TIMELINE: PH aviation status upgrade

Reynaldo Santos Jr

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TIMELINE: PH aviation status upgrade
How did the country manage to get an upgrade after 6 years? Let's look back at the events that led to this development
MANILA, Philippines – The Philippine government and the local aviation industry rejoiced after the US Federal Aviation Administration (FAA) granted the country a Category 1 rating for complying with international aviation safety standards.
The Philippines held a Category 1 rating until January 2008, when it was downgraded to Category 2 by the FAA, citing safety concerns.
The Category 2 status prohibited Philippine carriers from mounting new and additional flights to the US, one of the most lucrative destinations in the world.
How did the country manage to get an upgrade after 6 years? Let’s look back at the events that led to this development.


January 17 – The US FAA downgraded the Philippines’ rating to Category 2 from Category 1, saying the Air Transportation Office (ATO) did not fully satisfy international safety standards set by the United Nations’ International Civil Aviation Organization (ICAO).

March 4 – President Gloria Macapagal-Arroyo signed into law Republic Act 9497, which abolished the ATO and created the Civil Aviation Authority of the Philippines (CAAP).


October 19 – ICAO classified the Philippine aviation industry as a “significant safety concern” after CAAP failed to meet and implement safety standards that ICAO required.


April 1 – Following the announcements of FAA and ICAO, the European Union (EU) banned Philippine carriers from flying to Europe.


March 11 – President Benigno S. Aquino III ordered CAAP to get the Philippines out of Category 2 status.


June 19 – Aquino appointed retired Lt Gen William K. Hotchkiss III as director-general of CAAP, effectively replacing Ramon Gutierrez. The appointment came after then Transportation Secretary Manuel Roxas expressed dissatisfaction over the inability of CAAP to get a status upgrade.

October – The ICAO Coordinated Validation Mission (ICVM) conducted a safety audit in the country, and found that 3 of 5 critical elements (Legal, Organization and Licensing) had been addressed.


January – An FAA team reviewed the compliance of CAAP with international safety standards, and found out that it was still non-compliant with several requirements.

February 18 – The ICVM conducted another safety audit, and found that the remaining 2 critical elements (the OPS 1 Certification of Airlines in the Philippines and the Air/7 registration of Philippine-registered civil aviation aircraft) were already addressed.

March 4 – ICAO lifted its earlier classification of Philippine aviation, saying the country had made “corrective actions” that “successfully addressed and resolved the ‘significant safety concerns’ identified by the ICAO.”

March 25 – Aquino ordered CAAP to work double time to lift bans imposed by the US and Europe on local carriers.

June 11 – CAAP announced it would require all flight attendants to secure professional license as part of its efforts to efficiently regulate the industry and elevate the quality of cabin crew service.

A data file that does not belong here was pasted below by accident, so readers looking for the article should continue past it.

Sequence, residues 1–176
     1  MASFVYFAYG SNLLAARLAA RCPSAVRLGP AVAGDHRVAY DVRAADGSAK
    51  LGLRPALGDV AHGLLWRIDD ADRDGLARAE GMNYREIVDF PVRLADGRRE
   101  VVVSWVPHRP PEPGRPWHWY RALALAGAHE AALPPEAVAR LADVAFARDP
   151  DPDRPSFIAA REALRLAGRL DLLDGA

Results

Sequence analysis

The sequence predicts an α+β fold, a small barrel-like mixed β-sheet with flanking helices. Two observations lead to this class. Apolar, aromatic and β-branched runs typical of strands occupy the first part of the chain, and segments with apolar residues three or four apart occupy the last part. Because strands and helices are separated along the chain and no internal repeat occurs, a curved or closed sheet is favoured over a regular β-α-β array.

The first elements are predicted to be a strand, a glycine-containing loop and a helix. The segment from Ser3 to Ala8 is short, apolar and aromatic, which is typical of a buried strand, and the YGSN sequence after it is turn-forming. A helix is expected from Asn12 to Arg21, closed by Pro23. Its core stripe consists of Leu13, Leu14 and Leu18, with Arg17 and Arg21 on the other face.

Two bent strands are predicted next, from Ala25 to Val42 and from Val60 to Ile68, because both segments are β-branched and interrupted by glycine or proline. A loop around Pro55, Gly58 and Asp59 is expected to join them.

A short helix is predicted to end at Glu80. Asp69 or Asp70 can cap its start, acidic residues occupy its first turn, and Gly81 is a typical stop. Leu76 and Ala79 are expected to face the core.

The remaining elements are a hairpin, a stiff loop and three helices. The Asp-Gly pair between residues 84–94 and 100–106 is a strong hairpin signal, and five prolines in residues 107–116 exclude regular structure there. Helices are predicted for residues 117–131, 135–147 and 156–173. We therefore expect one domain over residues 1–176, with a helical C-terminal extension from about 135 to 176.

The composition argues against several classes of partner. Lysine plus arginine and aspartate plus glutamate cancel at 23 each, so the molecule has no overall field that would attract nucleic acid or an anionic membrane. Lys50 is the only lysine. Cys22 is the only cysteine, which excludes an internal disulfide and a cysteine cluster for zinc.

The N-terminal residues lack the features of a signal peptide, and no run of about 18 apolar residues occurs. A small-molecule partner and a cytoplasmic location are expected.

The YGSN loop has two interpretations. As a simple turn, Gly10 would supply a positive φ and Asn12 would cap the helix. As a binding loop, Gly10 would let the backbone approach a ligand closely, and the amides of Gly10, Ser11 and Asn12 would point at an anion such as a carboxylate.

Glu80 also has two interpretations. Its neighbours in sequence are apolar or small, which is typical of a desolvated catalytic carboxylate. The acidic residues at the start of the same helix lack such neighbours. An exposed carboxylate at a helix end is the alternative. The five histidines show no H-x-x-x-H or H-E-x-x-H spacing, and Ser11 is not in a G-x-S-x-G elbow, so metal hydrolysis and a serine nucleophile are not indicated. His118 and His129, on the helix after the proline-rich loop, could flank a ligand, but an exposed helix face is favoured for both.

June 25 – CAAP announced the suspension of two pilots of budget airline Cebu Pacific after the plane they were manning skidded off the runway of the Davao International Airport, resulting in the closure of the international gateway for two days.

July 10 – Following the lifting of the ICAO classification, the EU allowed Philippine Airlines (PAL) to fly to Europe.

July 17 – CAAP officials met with the airlines’ vice presidents for flight operations regarding the planned industry-wide increase in turnaround time to 45 minutes in an effort to boost safety following two landing mishaps involving Cebu Pacific planes in June.

July 23 – Records from CAAP’s Flight Operations Safety showed that the regulator was investigating and has penalized two South Korean airlines for various violations of the Philippine Civil Aviation Regulations.

July 25 – CAAP ordered local airlines to provide and shoulder the cost of food that their pilots, co-pilots, and other flight crew members needed while on duty, citing safety reasons and industry practice.

August 2 – CAAP placed Zest Air under “heightened” surveillance following a series of flight cancellations brought about by mechanical problems.

August 16 – The license of Zest Air was suspended due to its “series of serious deviations and infractions of the rules and standards prescribed under the Philippine Civil Aviation Regulations (PCAR).” The airline resumed operations on August 20.


January – An FAA team conducted another audit review of the country’s compliance with aviation safety. 

February 23 – CAAP approved the acquisition of 41 brand new units of Aircraft Rescue and Fire Fighting (ARFF) vehicles to improve the firefighting capability of major commercial airports in the country.

March 26 – FAA returned to the country to validate the results of its January audit review.

April 10 – After over 6 years, the Philippines regained its Category 1 status, allowing local carriers to launch and add flights to the US. Hours after the FAA announcement, Cebu Pacific became the second local carrier allowed to fly to Europe. – Rappler.com

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